The LEGO Movie 2: The Second Part
The Walking Dead
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Your cranium may crave more substance, but your eyes will feast on the amazing action sequences.
All Critics (148)
| Top Critics (34)
| Fresh (84)
| Rotten (64)
| DVD (12)
"M:I-2," as the new Mission: Impossible is tagged, is a slick, expensive, bullet-ridden thriller that is oddly dull -- the last thing you'd expect.
Woo lays on his own particular high-octane stylishness so thick the results edge perilously toward self-parody.
For all my profound reservations about the whole project, I wound up liking it more, or, at least disliking it less, than I had anticipated. Thandie Newton is the biggest reason.
Woo's hysterically hyper visuals and boytoy gimmickry can't camouflage the emptiness of the enterprise.
Despite Cruise's attempts here to be Byronic, there's something strenuous about his soulfulness; he turns everything, even repose, into calisthenics.
It's fun. It's laughable. It has moments of excitement, moments of sheer idiocy and moments of sheer idiotic excitement.
John Woo's summer blockbuster is surely the most elegant and graceful example of cinema's technology advanced comeuppance so far.
Watch it for completionist-sake ... but in a series with very self-contained entries, (this film) isn't really necessary or recommended.
Woo's signature visual ballistics and predilection for highly wrought melodrama of the kind Douglas Sirk might be proud are imprinted on virtually every frame
John Woo's Mission: Impossible 2 is the biggest film of the year so far, and it's nothing, nothing at all. No one will like it much. No one will love it.
The worst of John Woo's American films (though that is a competitive race).
Still a fun movie even if it doesn't match the high standards of the rest of the series thanks to Woo bringing his trademark over the top action sequences.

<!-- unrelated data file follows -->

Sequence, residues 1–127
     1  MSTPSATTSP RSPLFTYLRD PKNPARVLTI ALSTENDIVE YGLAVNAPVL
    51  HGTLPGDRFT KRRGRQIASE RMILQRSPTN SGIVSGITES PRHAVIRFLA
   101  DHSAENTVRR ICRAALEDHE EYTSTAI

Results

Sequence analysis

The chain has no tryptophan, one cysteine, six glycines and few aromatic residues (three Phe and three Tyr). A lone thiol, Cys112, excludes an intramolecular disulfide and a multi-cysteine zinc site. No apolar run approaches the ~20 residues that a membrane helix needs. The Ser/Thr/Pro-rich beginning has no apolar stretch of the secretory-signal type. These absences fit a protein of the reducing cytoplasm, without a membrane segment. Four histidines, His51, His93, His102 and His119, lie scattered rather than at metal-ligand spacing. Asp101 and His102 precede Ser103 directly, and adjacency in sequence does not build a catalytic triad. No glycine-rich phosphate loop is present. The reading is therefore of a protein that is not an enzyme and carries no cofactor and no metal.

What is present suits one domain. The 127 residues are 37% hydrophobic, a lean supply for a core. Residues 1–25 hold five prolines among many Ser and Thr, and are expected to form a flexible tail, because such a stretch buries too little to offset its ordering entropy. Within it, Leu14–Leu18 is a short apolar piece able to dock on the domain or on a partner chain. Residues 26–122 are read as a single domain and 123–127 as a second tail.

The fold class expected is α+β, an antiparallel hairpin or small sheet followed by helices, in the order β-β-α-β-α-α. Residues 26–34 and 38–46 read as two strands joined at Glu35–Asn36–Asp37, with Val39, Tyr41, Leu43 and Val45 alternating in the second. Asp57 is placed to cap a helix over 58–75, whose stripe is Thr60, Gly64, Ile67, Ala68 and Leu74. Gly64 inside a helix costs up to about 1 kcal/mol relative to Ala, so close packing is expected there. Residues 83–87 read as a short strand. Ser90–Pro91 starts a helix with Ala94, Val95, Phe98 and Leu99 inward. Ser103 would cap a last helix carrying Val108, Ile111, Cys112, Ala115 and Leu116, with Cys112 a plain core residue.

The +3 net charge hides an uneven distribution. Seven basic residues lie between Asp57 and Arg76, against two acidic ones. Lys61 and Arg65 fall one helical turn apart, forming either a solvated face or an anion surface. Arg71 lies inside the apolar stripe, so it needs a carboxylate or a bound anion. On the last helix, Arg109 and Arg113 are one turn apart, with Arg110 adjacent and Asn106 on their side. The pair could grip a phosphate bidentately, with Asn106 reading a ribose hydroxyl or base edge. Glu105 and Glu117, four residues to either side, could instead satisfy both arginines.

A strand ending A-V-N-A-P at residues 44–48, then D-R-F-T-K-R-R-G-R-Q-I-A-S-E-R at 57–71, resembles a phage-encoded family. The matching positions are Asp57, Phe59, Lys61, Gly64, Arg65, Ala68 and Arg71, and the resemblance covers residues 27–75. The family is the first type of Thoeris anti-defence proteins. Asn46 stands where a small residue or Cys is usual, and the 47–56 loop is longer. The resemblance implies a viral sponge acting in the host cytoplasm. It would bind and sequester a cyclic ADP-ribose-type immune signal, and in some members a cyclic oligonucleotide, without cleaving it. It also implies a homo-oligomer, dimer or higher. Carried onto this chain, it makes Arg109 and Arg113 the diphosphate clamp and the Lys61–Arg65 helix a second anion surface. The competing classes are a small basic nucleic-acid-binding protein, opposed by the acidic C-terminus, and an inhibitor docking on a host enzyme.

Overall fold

Not a bad movie if you are just looking for great action but mentally it's hard for me to accept this movie as a sequel to the original because it feels too atheistically and tonally different. Heck, it feels that way even compared to the movies that came afterwards.
Where the original DePalma classic aimed for a classy Hitchockian presentation, MI 2 (Helmed this time around by action movie legend John Woo) is more in keeping with over-the-top James Bond films of the 90's...except more EXTREME!!! (Needless to say, this entry has not aged quite as well as it's predecessor)
Okay, I won't mince words, the story is ultra-silly and over-the-top. That's to be expected from John Woo, who is the King of over-the-top, except here it goes too far at times, especially in the film's draggy third act complete with a drawn-out motorbike chase and Street Fighter-esque acrobatic fights.
Decent viewing if you are just looking for great action, but otherwise this is arguably the most skippable entry in the MI franchise.
Ethan Hunt recruits the skills of a beautiful jewel thief to recover a lethal virus that was stolen by a rogue IMF agent. Brian De Palma's attempt to make a more adult spy movie in the original Mission Impossible is jettisoned in favour of the usual Hollywood blockbuster histrionics and to be fair, MI: 2 has dated rather better as a result. It plays out very much like its contemporary Bond films and a gorgeous Thandie Newton conjures some pretty decent chemistry with Cruise in the early scenes of the film. In fact John Woo shows some unusual restraint for the first two acts and his trademark stylised action works extremely well for an exciting research facility heist. Dougray Scott also makes a suitably Machiavellian villain as "Dark Ethan" and it all shapes up to be an enjoyable if silly action movie. Unfortunately things take a decided turn for the worse during the climax as Woo succumbs to his worst excesses for an uncomfortably bloated finale which degenerates into complete nonsense. The action becomes so overblown and incessant it becomes increasingly tedious rather than exciting and the emotional button pushing is done encased within a concrete boxing glove. This all culminates in an absurd acrobatic smackdown between Cruise and Scott that resembles a drearily drawn out round of Tekken. A shame really, because up until that point it was really good fun but it still stands up as a brainless but fun instalment that's probably the second best of the series after Ghost Protocol thanks to its willingness not to take itself too seriously.
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